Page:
On a more serious note, a gamified ride-tracking app allegedly led to a distracted cyclist’s fatality (Hill 2012), so the potential for harmful distraction should definitely be considered. The dilemma here is whether the responsibility lies with the user or the developer. Many apps – like GPS systems – have a disclaimer or a notice to remind users to stay alert. But if the user is drawn into the app or achieves flow, their awareness and judgement might be impaired.
So is gamification worth it? Of course! There are many studies proving gamification to be effective and there have been no issues in the majority of undertakings. Sadly, in some cases gamification has been used in contexts that are not appropriate, or the system has not been engineered in the right manner. There are ethical dilemmas in all systems and practices, as nothing and no one is perfect. The key is to be aware, do proper research and think it through. Often There is no one formula or set of principles in the area of gamification (Kim & Werbach 2016). Kim and Werbach suggest first considering whether the context of gamification is appropriate and what morals are involved (2016). There are some great ideas and methods of implementing gamification, so start strategizing!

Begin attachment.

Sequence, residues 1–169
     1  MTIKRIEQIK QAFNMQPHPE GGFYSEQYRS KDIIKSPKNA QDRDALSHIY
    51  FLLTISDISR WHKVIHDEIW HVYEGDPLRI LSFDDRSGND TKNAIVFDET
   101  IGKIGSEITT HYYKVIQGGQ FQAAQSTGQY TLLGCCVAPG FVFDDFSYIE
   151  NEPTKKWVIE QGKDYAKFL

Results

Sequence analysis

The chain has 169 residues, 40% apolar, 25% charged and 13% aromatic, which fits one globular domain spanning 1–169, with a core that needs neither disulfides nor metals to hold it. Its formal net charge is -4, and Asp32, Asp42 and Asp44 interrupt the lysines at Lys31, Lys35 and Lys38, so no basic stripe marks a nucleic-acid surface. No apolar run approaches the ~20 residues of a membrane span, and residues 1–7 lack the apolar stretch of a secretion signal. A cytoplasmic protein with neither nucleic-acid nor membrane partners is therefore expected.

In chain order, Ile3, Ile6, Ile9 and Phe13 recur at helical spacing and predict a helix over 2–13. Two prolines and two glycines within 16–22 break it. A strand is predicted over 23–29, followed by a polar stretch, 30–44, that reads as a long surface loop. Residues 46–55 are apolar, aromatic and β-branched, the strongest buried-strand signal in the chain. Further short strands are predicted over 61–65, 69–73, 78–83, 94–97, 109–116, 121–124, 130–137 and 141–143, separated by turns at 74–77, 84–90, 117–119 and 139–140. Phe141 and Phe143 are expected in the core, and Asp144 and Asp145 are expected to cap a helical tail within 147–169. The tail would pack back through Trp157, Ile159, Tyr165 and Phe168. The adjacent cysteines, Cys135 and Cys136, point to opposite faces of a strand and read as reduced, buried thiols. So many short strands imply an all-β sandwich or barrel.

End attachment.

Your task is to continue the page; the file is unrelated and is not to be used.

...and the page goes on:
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Fotaris, P, Mastoras, T, Leinfellner, R & Rosunally, Y 2016, ‘Climbing Up the Leaderboard: An Empirical Study of Applying Gamification Techniques to a Computer Programming Class’, Electronic Journal of e-Learning, vol. 14, no. 2, pp. 94–110.
Hamari, J, Koivisto, J & Sarsa, H 2014, ‘Does Gamification Work? — A Literature Review of Empirical Studies on Gamification’, 47th Hawaii International Conference on System Sciences, Waikoloa, HI, pp. 3025-34.
Hill, K 2012, A quantified self fatality? Family says cyclist’s death
is fault of ride-tracking company Strava, Forbes.com, June 20, retrieved 2 April 2020, <http://www.forbes.com/sites/kashmirhill/2012/06/20/a-quantifiedself-
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Korn, O & Schmidt, A 2015, ‘Gamification of Business Processes: Re-designing Work in Production and Service Industry’, Procedia Manufacturing, vol. 3, pp. 3424-31.
Mavroeidi, AG, Kitsiou, A, Kalloniatis, C & Gritzalis, S 2019, ‘Gamification vs. Privacy: Identifying and Analysing the Major Concerns’, Future Internet, vol. 11, no. 3, doi: 10.3390/fi11030067
Ortiz‐Rojas, M, Chiluiza, K & Valcke, M 2019, ‘Gamification through leaderboards: An empirical study in engineering education’, Computer Applications in Engineering Education, no. 4, p. 777, doi: 10.1002/cae.12116
Tracey, R 2015, The dark side of gamification, E-Learning Provocateur, 16 March, retrieved 2 April 2020 <https://ryan2point0.wordpress.com/2015/03/16/the-dark-side-of-gamification/>.